But this is a president who in some ways thinks of himself as his own lawyer and we know that old saying about a man who thinks he can be his own lawyer, essentially as a fool for a client. But this is something that we'll continue to see from this president reaching out beyond people who are right around him and hired to do a certain job to seek additional advice.
BOLDUAN: And the fact that Jay Goldberg is speaking out on the record what do you think, is that just because he is an audience of one that he's trying to speak to?
HENDERSON: Yes, I mean, it is odd. He obviously had this -- you would imagine if you're the president, ideally would be a private conversation with him reaching out to him, this is sort of a friend of his and there he is going on the record to the "Wall Street Journal" and, of course, to Gloria Borger too, likely not helpful to anything.
But you do see time and time again people going out and talking to the media as to, again, get the president's attention about what he should do, whether talking to Mueller, talking to Cohen in this case.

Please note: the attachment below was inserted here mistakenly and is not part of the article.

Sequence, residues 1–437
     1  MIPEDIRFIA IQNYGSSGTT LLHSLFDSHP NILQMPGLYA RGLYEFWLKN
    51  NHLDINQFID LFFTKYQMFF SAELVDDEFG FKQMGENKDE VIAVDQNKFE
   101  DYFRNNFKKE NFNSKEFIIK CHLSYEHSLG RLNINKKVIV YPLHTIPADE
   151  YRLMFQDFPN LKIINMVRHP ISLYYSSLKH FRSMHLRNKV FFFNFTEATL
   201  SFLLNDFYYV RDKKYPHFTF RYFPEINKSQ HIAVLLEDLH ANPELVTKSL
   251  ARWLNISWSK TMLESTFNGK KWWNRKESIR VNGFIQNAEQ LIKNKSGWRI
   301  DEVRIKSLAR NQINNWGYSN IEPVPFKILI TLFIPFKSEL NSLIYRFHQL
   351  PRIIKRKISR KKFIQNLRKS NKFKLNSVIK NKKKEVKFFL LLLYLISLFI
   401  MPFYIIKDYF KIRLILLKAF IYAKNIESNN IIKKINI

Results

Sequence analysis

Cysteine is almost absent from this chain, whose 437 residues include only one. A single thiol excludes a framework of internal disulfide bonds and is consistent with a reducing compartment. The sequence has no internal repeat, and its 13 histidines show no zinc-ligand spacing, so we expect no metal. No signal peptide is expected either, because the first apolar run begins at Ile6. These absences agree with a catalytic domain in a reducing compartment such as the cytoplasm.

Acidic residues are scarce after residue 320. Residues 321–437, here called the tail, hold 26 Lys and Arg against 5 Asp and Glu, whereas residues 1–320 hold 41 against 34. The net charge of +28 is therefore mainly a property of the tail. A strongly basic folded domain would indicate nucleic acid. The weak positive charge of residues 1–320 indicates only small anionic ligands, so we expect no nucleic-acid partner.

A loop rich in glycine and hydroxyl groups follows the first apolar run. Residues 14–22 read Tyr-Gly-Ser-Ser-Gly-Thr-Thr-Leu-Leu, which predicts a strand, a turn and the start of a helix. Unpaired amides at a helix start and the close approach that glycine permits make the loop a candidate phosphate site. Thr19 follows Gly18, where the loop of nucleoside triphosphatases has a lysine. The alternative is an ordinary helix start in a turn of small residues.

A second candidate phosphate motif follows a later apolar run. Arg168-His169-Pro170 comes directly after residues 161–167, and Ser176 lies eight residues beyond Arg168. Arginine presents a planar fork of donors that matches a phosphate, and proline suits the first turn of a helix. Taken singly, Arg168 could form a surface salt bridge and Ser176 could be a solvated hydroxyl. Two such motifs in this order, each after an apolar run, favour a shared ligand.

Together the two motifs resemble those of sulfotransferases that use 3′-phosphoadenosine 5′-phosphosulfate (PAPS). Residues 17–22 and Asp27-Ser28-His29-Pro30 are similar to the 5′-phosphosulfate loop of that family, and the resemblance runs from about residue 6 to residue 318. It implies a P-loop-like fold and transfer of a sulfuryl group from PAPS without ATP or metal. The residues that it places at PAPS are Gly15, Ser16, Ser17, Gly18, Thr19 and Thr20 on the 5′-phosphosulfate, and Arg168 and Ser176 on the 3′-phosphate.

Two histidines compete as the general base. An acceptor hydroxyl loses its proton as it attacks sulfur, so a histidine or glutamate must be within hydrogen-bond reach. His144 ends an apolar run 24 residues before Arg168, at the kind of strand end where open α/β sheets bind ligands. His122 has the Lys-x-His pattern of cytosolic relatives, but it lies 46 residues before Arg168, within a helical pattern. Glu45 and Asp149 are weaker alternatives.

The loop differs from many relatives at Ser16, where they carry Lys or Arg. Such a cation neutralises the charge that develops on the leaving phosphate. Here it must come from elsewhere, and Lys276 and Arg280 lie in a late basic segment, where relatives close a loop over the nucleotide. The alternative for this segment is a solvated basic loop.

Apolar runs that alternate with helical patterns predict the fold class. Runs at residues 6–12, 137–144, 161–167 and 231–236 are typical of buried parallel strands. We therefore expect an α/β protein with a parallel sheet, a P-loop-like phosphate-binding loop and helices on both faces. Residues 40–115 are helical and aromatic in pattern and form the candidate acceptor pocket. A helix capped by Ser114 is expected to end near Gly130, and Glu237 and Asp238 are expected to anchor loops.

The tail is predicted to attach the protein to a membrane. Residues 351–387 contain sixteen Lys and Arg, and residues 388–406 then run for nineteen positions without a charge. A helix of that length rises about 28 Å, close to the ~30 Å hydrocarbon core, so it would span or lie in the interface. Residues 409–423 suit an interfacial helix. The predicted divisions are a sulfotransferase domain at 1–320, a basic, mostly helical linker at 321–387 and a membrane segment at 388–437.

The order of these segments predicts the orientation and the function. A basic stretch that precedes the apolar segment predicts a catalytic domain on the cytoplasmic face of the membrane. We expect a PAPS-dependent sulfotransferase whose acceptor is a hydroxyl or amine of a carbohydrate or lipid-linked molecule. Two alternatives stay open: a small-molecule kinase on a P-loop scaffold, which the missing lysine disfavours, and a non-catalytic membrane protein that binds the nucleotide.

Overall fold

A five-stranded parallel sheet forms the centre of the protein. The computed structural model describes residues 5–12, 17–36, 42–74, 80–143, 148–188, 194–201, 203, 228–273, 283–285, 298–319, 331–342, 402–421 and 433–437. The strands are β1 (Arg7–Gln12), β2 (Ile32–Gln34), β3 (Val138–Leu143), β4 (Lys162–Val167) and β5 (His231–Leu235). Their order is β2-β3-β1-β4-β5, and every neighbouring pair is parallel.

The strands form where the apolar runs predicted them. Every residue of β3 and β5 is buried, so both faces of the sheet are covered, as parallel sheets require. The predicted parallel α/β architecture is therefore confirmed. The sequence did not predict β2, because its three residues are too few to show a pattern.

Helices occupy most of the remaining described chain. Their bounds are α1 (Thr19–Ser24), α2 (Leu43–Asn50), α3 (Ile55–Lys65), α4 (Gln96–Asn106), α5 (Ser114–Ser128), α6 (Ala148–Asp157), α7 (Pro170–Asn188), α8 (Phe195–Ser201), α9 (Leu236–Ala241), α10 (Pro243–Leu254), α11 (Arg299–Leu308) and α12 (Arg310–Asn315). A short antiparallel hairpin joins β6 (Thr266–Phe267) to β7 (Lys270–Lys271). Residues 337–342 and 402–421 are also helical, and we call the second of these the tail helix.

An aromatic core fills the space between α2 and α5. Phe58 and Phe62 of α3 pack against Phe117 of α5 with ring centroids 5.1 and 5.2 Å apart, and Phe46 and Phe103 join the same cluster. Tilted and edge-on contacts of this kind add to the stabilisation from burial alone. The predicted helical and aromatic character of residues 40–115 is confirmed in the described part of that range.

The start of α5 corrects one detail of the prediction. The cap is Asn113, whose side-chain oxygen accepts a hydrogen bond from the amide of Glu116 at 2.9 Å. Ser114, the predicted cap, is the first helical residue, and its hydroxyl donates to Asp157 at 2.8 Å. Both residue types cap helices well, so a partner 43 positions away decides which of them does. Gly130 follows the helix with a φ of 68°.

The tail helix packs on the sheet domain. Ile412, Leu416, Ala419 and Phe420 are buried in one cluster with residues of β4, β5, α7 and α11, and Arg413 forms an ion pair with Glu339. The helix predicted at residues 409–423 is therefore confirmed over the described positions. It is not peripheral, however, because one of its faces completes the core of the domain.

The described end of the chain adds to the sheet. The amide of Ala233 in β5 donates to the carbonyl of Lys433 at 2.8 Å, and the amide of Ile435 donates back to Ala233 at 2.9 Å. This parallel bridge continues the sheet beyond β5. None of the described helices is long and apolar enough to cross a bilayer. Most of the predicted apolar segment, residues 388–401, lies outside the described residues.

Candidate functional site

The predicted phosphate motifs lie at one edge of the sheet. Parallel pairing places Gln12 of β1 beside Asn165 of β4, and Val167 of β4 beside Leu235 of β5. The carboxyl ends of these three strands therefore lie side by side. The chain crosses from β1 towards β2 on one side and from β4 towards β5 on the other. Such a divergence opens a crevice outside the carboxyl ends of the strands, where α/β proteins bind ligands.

BOLDUAN: Fascinating times, my friends. Great to see you. Thanks so much.
Coming up for us, the president decides against sanctioning Russia and then the administration calls the Russian Embassy to let them know. All while Nikki Haley seemed to be twisting in the wind. Why? That's next.
BOLDUAN: Who knew what and when? That's still the question about planned and shelved sanctions against Russia over the chemical attack in Syria. U.N. Ambassador Nikki Haley said they were coming. The White House said she was confused. Haley responded to her colleagues with a whopper of a one liner of "I don't get confused" and President Trump is now weighing in publicly. Listen.
(BEGIN VIDEO CLIP)
PRESIDENT TRUMP: We'll do sanctions as soon as they very much deserve it. We will have -- that is a question. There has been nobody tougher on Russia than President Donald Trump.
(END VIDEO CLIP)
BOLDUAN: Does that answer it all? With me now, CNN global affairs correspondent, Elise Labott, and CNN national security analyst, Samantha Vinograd, a former adviser on President Obama's National Security Council. Great to see both of you.
Elise, your reporting is that Donald Trump is the one who decided to hold back on sanctions. It was his decision, but are you hearing when he decided and why Nikki Haley wasn't informed?